Linux Foundation responds to Heartbleed with Core Infrastructure Initiative

Giving money is easy, dedicating key personnel to monitoring existing open source projects is hard.

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The Core Infrastructure Initiative (CII) is the software industry’s response to the Heartbleed vulnerability. I read OpenSSL Foundation president Steve Marquess’s recent blog post before the announcement of the CII that explained that his foundation typically received a meager $2,000 per year in donations and maybe as much as a $1 million per year in support contracts. I really hope the half-million sites that use OpenSSL would get out their checkbooks and donate to pay for independent pen testing and code reviews.

The CII might be even better for the open source industry than ad-hoc voluntary contributions by the companies that have self assigned their own responsibility. CII is a Linux Foundation project that includes companies such as Amazon Web Services, Cisco, Dell, Facebook, Fujitsu, Google, IBM, Intel, Microsoft, NetApp, Rackspace, and VMware.

This group has more than deep pockets. They use open source internally and as a component to deliver customer solutions. Each is capable of disciplined market measurement to assess the adoption of open source projects and has the project management skills to assess where resources need to be added to improve mission-critical quality.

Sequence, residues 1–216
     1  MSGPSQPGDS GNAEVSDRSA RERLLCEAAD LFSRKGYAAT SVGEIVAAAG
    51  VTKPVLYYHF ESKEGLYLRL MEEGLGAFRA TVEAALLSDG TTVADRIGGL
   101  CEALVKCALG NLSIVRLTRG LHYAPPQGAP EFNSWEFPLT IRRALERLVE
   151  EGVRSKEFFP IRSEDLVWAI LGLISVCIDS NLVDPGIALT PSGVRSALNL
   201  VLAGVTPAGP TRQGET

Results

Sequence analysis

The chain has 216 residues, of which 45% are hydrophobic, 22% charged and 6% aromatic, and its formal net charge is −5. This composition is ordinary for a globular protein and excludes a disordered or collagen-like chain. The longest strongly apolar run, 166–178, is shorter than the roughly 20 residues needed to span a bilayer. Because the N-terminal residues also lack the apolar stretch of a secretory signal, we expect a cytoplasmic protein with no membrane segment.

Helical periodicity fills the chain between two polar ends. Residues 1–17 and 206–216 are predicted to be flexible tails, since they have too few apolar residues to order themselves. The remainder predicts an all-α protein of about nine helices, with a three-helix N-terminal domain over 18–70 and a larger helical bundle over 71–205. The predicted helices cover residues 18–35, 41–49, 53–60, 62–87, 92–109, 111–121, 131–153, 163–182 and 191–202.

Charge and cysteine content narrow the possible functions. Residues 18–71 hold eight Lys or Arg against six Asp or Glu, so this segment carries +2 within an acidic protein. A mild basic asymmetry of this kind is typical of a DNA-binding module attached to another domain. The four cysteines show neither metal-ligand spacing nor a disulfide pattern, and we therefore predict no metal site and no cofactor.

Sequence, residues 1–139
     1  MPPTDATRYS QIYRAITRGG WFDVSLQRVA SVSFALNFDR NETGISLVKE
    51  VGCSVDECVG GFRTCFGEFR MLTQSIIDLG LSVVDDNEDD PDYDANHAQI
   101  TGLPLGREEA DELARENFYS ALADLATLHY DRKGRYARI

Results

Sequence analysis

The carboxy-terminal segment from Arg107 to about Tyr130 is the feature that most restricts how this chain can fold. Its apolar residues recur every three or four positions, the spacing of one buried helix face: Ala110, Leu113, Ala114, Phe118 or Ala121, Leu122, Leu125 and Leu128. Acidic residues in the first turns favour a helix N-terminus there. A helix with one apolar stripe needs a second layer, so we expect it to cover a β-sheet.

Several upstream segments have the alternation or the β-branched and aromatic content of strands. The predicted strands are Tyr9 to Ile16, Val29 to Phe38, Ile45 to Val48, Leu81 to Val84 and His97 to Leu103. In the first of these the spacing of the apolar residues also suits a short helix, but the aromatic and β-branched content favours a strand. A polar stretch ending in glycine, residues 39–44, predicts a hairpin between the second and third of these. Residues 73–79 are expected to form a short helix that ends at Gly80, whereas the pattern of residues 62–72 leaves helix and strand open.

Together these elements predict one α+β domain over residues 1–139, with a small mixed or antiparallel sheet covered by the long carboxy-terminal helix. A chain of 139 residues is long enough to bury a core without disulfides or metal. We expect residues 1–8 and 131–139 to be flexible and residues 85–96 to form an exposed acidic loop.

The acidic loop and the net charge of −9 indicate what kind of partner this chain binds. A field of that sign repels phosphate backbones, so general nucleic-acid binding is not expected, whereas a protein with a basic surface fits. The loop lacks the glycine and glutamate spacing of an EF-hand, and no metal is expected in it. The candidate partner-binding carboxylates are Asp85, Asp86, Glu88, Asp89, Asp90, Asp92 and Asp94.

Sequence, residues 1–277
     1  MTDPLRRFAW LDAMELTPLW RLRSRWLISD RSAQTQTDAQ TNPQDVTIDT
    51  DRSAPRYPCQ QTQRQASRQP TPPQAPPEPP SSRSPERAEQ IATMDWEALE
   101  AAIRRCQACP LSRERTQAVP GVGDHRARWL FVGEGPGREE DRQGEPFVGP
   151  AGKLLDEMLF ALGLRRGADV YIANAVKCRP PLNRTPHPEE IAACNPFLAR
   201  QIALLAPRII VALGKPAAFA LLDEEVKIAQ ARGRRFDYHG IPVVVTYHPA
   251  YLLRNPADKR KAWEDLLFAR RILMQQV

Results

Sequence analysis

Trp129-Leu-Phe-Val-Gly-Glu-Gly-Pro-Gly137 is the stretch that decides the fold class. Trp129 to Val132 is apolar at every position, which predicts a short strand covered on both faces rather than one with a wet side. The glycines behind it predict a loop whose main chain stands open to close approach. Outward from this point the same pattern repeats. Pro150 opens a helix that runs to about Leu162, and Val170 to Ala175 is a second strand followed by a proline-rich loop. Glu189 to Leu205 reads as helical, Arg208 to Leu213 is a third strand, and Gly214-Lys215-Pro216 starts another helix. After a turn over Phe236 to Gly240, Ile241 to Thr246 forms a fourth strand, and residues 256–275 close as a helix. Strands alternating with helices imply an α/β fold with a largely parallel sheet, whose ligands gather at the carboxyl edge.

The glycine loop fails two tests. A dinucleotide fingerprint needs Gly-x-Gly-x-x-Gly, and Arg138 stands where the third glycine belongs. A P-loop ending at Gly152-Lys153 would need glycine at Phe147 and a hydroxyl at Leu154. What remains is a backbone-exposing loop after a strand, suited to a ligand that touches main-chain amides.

This is a promising development, though it should be categorized as “says easy does hard.” All of these companies, especially Facebook, Google, IBM, Intel, and Microsoft, really understand open source software as well as anyone on the planet. But more than money, these companies will have to dedicate some of their best people, not just for a conference, but dedicate them to monitoring and measuring existing large-scale open source projects and look for the tips of the icebergs of new open source projects that have become critical components to internet infrastructure.

Open source projects regularly run into bugs and project delays. When this happens, it’s not uncommon for the most affected development teams to contribute a full-time developer or two to the project until it is back on track. It’s a self-sustaining system that has worked well. And hopefully the ad hoc cash and developer contributions will continue in parallel to the CII to build better project management skills in the community that will cope with the increasing scale and complexity of the open source projects that drive the internet.

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